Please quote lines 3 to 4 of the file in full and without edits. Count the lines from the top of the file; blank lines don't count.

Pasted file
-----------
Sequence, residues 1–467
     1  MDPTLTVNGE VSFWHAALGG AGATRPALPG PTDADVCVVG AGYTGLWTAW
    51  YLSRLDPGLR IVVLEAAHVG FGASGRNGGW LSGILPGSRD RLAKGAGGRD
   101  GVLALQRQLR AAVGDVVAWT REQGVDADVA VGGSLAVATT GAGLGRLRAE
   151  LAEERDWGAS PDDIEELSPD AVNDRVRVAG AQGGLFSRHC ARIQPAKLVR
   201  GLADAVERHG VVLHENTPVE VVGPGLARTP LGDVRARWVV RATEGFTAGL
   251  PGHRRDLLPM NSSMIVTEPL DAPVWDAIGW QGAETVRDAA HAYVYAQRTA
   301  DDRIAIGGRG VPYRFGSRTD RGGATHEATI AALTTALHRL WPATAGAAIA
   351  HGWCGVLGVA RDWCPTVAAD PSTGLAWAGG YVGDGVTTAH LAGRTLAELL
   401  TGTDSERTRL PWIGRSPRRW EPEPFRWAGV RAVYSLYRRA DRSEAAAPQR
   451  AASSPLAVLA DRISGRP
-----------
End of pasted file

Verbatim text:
    51  YLSRLDPGLR IVVLEAAHVG FGASGRNGGW LSGILPGSRD RLAKGAGGRD
   101  GVLALQRQLR AAVGDVVAWT REQGVDADVA VGGSLAVATT GAGLGRLRAE